After Isaac Dole's death, the stage line was continued by his son, Daniel E. Dole, until competition from railroads made stage lines unprofitable. In 1852, the Dole House was conveyed by Isaac's widow, Hannah, and his son, Daniel E. and Mary, his wife, to Sophia Dole Tucker, the daughter of Isaac and Hannah. Sophia married William C. Tucker, a partner in Tucker, James and Brim Cabinet Makers and Dealers. The Tuckers do not appear to have lived in the house, but City Directories show Hannah Dole living at this address through the late 1860s. Hannah died on August 1, 1873 at the age of 83. She is buried with her husband, Isaac, in Cold Springs Cemetery.
In 1881 Sophia transferred the family home to her two daughters, Sara A. and Mary F. Tucker. By 1898 the sisters, who had married (Sarah A. Tucker Wilson and Mary F. Tucker Hoard) sold the property to Allen M. Moore, their cousin and a grandson of Daniel E. Dole and his wife Mary. Moore made several improvements to the house including the addition of the front porch. Allen Moore lived in the house until his death in June 1929. His widow, Grace, continued to occupy the house. In 1932, Grace's financial difficulties resulted in foreclosure of the property. The house was soon sold to Clarence A. and Elizabeth G. Reynolds.
The Dole House is one of Lockport's early stone residences. Although remodeled in the late nineteenth century, the house retains much of its original architectural character including its three-bay front-gable massing, narrow-course quarry-face ashlar facade, and finely molded Federal cornice. These characteristics are typical of stone houses constructed in Lockport during the 1830s and 1840s.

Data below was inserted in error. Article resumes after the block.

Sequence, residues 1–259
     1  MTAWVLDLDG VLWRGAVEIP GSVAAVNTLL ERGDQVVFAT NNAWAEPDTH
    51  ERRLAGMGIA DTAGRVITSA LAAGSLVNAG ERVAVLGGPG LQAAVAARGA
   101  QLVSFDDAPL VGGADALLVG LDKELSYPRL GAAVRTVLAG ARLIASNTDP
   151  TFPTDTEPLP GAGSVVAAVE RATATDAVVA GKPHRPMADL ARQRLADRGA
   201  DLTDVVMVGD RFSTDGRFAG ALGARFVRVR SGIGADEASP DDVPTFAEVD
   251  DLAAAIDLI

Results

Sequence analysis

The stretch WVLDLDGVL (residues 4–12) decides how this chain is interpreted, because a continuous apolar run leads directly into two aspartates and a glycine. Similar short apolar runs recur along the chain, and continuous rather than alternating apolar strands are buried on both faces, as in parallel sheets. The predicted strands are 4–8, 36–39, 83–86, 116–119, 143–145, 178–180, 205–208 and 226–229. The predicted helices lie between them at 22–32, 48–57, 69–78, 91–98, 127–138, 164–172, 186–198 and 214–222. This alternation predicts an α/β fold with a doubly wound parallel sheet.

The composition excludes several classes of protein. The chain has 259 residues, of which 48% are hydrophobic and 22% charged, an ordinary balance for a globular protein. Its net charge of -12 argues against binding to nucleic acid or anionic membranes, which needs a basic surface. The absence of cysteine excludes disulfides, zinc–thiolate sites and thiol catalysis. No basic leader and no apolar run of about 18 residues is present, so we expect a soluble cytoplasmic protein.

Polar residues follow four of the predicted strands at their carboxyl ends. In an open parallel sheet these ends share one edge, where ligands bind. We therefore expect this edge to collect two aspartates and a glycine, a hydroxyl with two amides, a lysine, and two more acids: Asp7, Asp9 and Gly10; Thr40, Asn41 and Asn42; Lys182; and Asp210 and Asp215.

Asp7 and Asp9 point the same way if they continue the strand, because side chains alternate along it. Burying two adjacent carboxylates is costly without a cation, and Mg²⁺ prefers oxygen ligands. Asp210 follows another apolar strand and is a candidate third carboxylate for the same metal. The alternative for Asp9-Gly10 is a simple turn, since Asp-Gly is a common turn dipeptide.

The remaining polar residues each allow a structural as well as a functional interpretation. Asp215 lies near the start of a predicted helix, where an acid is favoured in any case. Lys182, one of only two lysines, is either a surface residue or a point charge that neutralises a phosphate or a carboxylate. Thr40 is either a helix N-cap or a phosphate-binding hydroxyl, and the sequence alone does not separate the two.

The renovation of the house in the late 1890s added several significant Neoclassical features including the Ionic order porch, the tripartite leaded stair window, and the Colonial Revival interior trim. The tuckpointing covering the house's exterior also appears to have been applied as part of the renovations. The alterations made to the house are characterized by a high level of craftsmanship and detail and represent popular domestic taste at the close of the nineteenth century.
The Dole House is an important example of Lockport's nineteenth-century stone domestic architecture. The tuckpointing added to the house in the 1890s exhibits a high level of craftsmanship. The value of the tuckpointing is enhanced by its well-preserved condition. Due to its fine stone masonry workmanship, significant decorative detail, and high level of architectural integrity, the Dole House is a prominent local landmark and an important example of Lockport's legacy of stone architecture.
(See Stone Buildings of Lockport, NY Multiple Property Documentation Form.)
Newspaper clipping and obituary&mdsh;Niagara County Historian's Office.
McDonough, Kevin. City of Lockport Planning Department.